News feature, August 30, 2006
T-Mobile's new beginning -- but with whom?
T-Mobile has a new manager, a new four-year extension of its ProTour license and several new faces in the management team. As the top German squad attempts to move on from the Jan Ullrich years after its former star's ignominious departure under the cloud of Operacion Puerto, Susan Westemeyer looks at who is likely to ride for T-Mobile in 2007.
The T-Mobile Team has received "an important signal" for its new beginning and fight against doping in pro cycling, says incoming team manager Bob Stapleton. The UCI granted the team an extension of its Pro Tour license through the 2010 season. "The UCI immediately recognized the value that T-Mobile brings to cycling and respects the team management's commitment to clean and fair sport," the team said proudly.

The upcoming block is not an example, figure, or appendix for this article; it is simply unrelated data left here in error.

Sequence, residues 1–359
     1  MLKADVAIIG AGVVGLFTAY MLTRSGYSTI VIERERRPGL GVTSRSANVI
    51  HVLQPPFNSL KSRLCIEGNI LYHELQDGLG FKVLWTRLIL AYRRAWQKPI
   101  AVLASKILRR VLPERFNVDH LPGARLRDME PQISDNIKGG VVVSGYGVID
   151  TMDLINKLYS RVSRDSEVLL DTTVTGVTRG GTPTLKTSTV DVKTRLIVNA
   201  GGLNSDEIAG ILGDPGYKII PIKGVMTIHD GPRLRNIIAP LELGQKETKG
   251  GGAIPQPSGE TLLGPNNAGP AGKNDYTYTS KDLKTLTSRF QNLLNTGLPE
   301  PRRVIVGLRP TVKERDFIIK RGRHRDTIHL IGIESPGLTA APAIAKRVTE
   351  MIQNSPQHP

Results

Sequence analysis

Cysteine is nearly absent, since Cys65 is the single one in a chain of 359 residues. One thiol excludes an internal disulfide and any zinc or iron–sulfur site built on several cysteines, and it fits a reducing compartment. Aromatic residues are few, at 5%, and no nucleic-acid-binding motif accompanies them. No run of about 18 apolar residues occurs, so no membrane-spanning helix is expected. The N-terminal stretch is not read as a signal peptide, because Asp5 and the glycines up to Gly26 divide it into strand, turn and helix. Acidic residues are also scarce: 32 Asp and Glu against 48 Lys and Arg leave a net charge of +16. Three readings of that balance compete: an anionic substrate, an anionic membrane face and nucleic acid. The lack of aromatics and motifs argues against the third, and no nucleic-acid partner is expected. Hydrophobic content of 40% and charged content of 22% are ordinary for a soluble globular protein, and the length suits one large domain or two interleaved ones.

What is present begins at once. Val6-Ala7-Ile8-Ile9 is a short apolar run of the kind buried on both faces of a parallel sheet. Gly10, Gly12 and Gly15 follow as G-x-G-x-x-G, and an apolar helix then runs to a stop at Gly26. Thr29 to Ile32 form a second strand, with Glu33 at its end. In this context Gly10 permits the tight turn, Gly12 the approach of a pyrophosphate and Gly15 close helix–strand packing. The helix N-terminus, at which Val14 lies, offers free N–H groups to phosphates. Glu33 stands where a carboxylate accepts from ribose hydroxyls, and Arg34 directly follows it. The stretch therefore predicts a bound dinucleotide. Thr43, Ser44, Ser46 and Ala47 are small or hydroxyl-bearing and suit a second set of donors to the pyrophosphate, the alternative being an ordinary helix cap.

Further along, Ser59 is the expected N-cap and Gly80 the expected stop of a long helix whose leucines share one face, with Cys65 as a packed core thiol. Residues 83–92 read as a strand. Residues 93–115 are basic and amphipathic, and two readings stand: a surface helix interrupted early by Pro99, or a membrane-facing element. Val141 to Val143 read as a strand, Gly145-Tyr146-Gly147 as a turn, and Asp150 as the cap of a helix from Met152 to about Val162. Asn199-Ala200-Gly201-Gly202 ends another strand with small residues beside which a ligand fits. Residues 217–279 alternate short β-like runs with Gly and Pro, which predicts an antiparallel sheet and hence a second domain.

The Pro Tour license is "a first step in the ongoing restructuring of the team," Stapleton said. The next official step will be taken on November 1, when Stapleton takes the team over from Olaf Ludwig. Ongoing problems with Ludwig evidently came to a head during the Tour de France this year, and may well be related to Operation Puerto and the alleged involvement of Jan Ullrich, Oscar Sevilla and Rudy Pevenage. The team has said that "the determining factor" in discontinuing its relationship with Ludwig "was a lack of confidence in the team management, as well as many radically differing ideas on the future strategy and direction of the T-Mobile Team and the handling of the current doping problem."
It seems that part of that "future strategy" is a "cleansing" of the team's roster: riders who are were associated with Ullrich and those with any hint of suspicion of involvement in doping, even rumoured, are apparently being let go.